I thought about doing this, but, WOW!, are there ever a lot of bad reviews for this product posted at the online Apple Store.

The complaints seem to be mostly:

The price
The power switch on the screen no longer powers the cpu up and down.
USB is sometimes flaky.

Others seem to be one offs that may not apply to anyone else.


What’s wrong with purchasing a $15 adapter (which is about an inch long piece of plastic, NOT something the size of the Mac mini itself)? It works well.

Anyone can buy this adapter. Mail order required since Apple nor anybody else around here carry this needed adapter).


@DB - nothing at all wrong with the $15 solution except that the adapter is for Firewire.

If your problem is, in fact, ADC and DVI then you need an ADC-and-DVI solution. Apple’s worked OK for me.


Sigh..what I need is a ADC ->DVI adapter to use a DVI monitor on the stupid adc port on my G5 :(

John Martellaro

Savenger:  I think I saw one from Gefen that does that.  I can probably find the URL again…


My work has several of these adaptors, and they work well with one caveat.

After a few years (where few is anything from 2 to 5+) they fail, and when they do your Mac will get almost through the boot-up process and then mysteriously do a soft power-down.  This happens if the monitor cable is connected to the computer, regardless of whether USB is plugged in.  At this point, the only way I know to fix it is to replace the adaptor.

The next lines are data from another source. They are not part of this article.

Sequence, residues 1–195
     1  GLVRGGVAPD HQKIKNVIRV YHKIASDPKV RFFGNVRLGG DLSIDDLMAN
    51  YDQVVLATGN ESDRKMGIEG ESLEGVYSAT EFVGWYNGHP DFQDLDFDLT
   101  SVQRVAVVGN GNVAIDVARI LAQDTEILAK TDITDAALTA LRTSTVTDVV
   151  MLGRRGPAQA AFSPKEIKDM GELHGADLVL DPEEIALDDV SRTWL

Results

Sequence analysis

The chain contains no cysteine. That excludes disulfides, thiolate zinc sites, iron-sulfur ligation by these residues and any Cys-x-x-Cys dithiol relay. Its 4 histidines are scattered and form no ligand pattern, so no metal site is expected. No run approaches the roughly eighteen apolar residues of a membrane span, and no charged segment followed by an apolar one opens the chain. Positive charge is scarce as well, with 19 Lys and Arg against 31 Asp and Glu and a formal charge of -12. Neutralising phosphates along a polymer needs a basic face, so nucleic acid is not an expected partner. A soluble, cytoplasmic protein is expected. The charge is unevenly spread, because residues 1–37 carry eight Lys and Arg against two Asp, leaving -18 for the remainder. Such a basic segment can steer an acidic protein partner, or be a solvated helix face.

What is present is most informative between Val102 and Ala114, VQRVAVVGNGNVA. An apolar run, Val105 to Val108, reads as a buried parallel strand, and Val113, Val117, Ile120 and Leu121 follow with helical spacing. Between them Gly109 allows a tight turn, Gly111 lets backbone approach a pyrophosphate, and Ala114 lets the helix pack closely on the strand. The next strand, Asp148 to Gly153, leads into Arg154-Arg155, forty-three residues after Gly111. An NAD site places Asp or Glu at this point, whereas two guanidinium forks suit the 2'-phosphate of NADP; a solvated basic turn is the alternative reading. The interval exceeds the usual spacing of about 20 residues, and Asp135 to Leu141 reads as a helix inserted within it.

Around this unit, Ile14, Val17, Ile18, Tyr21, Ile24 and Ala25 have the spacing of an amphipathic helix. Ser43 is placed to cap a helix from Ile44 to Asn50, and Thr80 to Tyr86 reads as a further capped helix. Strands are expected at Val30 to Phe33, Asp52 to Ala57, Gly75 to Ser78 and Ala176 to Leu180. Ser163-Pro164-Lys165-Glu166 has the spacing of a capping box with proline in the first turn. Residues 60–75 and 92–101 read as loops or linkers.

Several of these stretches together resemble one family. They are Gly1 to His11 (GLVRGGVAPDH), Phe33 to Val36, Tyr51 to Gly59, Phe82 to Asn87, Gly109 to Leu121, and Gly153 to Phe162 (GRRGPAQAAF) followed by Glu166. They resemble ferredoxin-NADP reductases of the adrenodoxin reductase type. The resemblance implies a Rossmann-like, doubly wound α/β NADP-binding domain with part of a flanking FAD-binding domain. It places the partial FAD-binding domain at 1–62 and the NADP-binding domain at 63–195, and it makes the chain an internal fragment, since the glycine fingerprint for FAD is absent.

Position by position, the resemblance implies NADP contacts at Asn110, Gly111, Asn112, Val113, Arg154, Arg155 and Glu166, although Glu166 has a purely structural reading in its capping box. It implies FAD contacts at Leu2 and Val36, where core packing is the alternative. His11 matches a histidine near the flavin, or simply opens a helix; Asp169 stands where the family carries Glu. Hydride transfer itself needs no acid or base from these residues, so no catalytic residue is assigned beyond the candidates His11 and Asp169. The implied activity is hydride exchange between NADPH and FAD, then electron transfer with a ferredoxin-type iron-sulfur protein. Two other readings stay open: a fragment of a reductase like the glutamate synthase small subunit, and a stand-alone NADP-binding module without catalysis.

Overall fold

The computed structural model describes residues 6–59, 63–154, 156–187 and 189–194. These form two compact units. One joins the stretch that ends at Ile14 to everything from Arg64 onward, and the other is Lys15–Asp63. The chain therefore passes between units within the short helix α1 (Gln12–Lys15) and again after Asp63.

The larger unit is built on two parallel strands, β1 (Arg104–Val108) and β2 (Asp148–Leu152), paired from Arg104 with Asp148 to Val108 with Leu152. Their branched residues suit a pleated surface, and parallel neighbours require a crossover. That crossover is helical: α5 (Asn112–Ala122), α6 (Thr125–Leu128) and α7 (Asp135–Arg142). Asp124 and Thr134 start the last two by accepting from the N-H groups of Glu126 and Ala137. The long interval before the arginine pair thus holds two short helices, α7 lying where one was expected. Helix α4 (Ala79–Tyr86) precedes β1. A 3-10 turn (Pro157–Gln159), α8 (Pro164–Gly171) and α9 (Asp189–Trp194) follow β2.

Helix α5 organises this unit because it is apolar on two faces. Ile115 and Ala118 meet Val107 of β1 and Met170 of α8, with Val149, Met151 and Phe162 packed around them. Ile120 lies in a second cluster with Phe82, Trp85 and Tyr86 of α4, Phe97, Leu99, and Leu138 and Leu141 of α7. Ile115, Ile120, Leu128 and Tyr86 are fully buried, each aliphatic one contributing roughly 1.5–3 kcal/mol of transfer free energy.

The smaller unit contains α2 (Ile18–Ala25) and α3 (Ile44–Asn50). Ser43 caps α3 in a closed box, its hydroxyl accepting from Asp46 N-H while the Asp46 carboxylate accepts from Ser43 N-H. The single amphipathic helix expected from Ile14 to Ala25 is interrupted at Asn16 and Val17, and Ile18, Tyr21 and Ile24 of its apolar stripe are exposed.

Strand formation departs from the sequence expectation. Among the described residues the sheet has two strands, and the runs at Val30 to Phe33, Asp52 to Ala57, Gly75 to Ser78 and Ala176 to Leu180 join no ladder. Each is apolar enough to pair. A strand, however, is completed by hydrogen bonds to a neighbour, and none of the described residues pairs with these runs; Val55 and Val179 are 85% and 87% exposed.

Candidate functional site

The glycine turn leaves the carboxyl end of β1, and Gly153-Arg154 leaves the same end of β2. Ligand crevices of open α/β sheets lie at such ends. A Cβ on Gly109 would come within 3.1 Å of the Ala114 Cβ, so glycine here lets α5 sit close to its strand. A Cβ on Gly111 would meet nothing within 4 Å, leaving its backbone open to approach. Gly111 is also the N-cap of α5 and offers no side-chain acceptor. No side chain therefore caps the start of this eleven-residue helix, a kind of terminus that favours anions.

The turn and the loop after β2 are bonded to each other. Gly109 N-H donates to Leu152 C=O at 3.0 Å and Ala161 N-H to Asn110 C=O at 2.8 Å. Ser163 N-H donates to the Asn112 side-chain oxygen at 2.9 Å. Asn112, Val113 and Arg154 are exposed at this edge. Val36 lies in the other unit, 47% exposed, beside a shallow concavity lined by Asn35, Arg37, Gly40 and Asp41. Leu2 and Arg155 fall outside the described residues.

The adaptor works with Windows boxes (with USB and DVI) and Macs, and I’ve personally never had any issues except when they fail as described above.  However, my workmates report that the front buttons don’t work any more with their Mac laptops - I don’t know if this is related to different drivers for Intel or different drivers on 10.5 (I was using 10.4 with a G4 laptop and it all worked as expected).

Curious thought: has anyone used a “failed” adaptor through a DisplayPort to DVI adaptor?  Does the system still self-power-off with this extra level of indirection?


I looked at Dr. Bott’s site and saw a DVI to ADC connector designed for Scavenger’s application. However, it does not supply power so how can it be used to drive a ADC monitor with a DVI computer?

John Martellaro

Scavenger wants to do the opposite:  drive a DVI monitor with a video card that has ADC out.  That’s a lot easier because the monitor has its own power supply.


In answer to John M., yes I know. My question was in reference to the main story which implies that Dr. Bott has a solution to the problem of mating a new mac to an ADC monitor. On Dr. Bott’s site, I saw only unpowered ADC to DVI adaptor.

John Martellaro

I looked at a larger image of the DVIator.  It appears the Dr. Bott photo shows the connector to power, but not the power brick itself.  I could be wrong.  Ted Landau may know more.


Gefen sold the DVIator also that allowed you to use a ADC monitor on a DVI port, also with a power brick. They now have this box:


Apple no longer supports a number of legacy monitors with the release of Mac OS X.9. See the following article.